If you ask a developer why WordPress has so much more success compared to other CMS like Drupal or Joomla, one concept will pop up for sure: Backwards Compatibility. Since the beginning of WordPress, its developers focused on one issue: Not to break functionality from one version to another.
One example are deprecated functions: Functions which aren’t used no more in one version won’t be simply kicked out. They remain in the core and will be marked as deprecated. They remain quite a while till they are finally kicked out. Long before this happens, developers can inform themselves on this page, which of the WordPress functions are deprecated. And also by using
WP_DEBUG they will be informed.
Another example is the database. The
wp_links table is currently of no use in WordPress. It sounds simple: WordPress doesn’t need this table no more and deletes it. But nobody knows, which data is stored in this table by single installations and how this data is used. To simply delete this table would have drastic consequences. Data, which WordPress users have collected with a lot of effort would simply disappear. Instead of keeping a consistent structure and remove this table, WordPress still keeps it, although it has no current use for it.
Related to this topic: Did anyone wonder, why the Post ID in the table
wp_term_relationship is called
object_id and not, like in any other table
post_id? Even rows of
wp_links used to be connected to terms. So back then, the developers decided to call this column
object_id, since it contained not only post IDs. But nowadays the column basically contains only post IDs. Still the name remains. Why? How many plugins are out there, who access this table via SQL and are using
object_id in their syntax? All these plugins would break! WordPress has a history and you can read its history by reading its inconsistencies.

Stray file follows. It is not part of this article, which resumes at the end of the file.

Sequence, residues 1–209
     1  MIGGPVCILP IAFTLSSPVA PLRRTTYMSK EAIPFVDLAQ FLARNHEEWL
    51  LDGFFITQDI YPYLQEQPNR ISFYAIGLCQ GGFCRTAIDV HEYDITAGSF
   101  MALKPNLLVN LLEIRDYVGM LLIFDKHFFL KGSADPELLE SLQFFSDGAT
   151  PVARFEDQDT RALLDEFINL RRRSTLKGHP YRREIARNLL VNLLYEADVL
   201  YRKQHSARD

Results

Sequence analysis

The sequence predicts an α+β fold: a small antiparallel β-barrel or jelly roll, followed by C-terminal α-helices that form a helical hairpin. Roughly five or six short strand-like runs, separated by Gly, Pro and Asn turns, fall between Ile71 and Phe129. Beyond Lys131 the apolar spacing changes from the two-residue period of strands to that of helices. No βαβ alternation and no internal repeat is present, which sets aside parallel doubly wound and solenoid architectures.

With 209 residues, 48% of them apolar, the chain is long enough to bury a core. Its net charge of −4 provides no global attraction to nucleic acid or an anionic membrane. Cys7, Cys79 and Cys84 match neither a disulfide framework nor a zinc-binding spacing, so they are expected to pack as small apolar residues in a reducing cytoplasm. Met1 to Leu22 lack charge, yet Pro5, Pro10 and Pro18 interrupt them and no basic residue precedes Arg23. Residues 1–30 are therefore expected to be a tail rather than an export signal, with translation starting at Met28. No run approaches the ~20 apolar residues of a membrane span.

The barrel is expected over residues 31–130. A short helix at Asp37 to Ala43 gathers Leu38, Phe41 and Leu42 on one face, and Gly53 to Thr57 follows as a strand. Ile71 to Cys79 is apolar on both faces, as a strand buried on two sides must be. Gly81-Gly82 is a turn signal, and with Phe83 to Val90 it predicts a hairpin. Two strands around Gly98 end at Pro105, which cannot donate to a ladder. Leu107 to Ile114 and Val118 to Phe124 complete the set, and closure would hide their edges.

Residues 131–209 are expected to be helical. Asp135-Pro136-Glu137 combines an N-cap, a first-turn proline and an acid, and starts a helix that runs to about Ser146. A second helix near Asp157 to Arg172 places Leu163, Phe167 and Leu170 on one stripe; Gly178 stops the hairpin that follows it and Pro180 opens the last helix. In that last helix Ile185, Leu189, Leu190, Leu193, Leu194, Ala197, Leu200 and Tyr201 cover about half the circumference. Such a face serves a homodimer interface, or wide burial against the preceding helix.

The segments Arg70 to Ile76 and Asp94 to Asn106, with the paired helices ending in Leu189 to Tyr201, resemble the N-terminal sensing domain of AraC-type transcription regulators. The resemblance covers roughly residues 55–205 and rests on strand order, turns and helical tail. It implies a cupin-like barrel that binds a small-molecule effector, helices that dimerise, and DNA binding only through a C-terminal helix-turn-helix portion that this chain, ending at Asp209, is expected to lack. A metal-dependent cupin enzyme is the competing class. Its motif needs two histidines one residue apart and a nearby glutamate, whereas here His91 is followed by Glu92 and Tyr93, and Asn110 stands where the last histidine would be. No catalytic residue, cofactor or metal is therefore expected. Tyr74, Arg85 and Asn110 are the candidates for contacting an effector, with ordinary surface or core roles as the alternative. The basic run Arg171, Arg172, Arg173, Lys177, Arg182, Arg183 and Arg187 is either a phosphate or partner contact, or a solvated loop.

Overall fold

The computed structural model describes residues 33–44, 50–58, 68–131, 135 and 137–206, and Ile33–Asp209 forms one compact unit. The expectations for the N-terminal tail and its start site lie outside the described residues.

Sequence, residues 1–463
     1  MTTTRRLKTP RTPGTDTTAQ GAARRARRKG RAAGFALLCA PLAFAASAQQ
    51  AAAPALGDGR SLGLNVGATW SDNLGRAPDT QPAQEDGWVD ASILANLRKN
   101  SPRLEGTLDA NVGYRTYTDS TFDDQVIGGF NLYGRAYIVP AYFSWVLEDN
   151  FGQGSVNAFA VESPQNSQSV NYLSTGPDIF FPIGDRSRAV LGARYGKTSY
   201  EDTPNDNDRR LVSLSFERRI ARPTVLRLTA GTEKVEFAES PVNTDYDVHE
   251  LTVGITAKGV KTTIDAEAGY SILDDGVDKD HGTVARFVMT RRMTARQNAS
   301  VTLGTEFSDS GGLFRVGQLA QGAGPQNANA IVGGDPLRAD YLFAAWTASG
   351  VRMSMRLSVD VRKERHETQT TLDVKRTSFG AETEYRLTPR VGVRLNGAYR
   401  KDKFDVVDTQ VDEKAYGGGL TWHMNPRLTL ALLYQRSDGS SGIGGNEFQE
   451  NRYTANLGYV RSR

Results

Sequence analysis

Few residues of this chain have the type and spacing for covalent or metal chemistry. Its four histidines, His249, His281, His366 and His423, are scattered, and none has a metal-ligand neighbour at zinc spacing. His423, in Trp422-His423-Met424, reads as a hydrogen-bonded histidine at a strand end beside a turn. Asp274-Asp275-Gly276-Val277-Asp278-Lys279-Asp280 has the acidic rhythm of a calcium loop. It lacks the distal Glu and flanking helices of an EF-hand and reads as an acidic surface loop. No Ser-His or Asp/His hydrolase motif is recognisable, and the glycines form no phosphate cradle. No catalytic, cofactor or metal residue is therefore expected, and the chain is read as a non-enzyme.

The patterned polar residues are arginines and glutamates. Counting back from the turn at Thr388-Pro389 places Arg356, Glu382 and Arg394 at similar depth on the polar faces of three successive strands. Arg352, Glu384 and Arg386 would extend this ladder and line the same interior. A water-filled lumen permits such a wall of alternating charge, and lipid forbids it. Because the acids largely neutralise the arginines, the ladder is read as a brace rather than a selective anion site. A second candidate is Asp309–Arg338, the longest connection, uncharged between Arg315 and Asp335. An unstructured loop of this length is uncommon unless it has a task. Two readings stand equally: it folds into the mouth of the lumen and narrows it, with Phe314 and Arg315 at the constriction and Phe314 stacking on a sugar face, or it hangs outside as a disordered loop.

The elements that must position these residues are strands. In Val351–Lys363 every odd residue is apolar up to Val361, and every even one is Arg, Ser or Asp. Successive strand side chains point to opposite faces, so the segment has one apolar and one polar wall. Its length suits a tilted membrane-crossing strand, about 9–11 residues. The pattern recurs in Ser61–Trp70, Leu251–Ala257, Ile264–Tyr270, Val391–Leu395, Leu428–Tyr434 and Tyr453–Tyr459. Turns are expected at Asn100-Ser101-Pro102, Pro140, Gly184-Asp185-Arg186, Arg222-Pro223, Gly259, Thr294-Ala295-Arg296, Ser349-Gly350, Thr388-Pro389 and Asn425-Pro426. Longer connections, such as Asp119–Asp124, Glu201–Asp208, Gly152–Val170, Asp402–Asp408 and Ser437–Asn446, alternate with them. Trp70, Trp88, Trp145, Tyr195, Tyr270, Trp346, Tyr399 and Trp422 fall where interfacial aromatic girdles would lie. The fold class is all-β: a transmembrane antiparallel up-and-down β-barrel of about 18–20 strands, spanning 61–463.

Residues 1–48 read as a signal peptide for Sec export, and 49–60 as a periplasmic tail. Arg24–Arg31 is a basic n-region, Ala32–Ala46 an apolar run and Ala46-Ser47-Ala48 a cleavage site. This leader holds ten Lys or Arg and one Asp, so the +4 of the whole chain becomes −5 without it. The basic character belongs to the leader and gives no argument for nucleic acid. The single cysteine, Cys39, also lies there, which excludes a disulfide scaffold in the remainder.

Even in revised functions you will find examples: Take the second parameter of
load_plugin_textdomain() as one. You always have to set this parameter to
false. Until version 2.7 this parameter was carrying the relative path to the directory with the translations. Today the relative path is defined starting from
WP_PLUGIN_DIR and not from
ABSPATH. So the second parameter is deprecated and you define the relative path by the third parameter. But still, the second remains since old plugins might still use it. If you would remove this parameter, plugins would break.
From the user’s point of view, this all might look different. With every update the forums are floated with questions like “I just made an update and I can’t reach my admin no more/ I don’t see my pictures no more/ I can’t reach my site no more”. But all these questions lead us only towards two insights:
- How important backwards compatibility really is and
- how difficult it is, to realize backwards compatibility in an environment like WordPress.
For developers backwards compatibility is a double-edged sword, because it bloat your code. For some out of proportion. But if you consider the recent debate about security and the necessity to keep your system up to date, most developers conclude: there is no other way than backwards compatibility. Everything else would lead to a disproportionate effort especially for small bloggers and businesses or – if you consider almost 20 percent of the internet sites are run on WordPress – to a much more insecure Internet.
But: Is the concept of backwards compatibility only a topic for the core developers or do we plugin and theme developers have to be alerted too? Of course it has to concern us too. To update a plugin has to be a secure process which doesn’t break things.* Exactly like updating WordPress. This is the reason why Pippin Williamson, author of Easy Digital Downloads, gave a great speech on the Loopconf 2015 addressing backwards compatibility. I think every developer should watch this:
*) I have to admit, I need to do some work on one of my plugins as well to match the criteria of backwards compatibility. Well, not now, but this post shall be a reminder for me too 🙂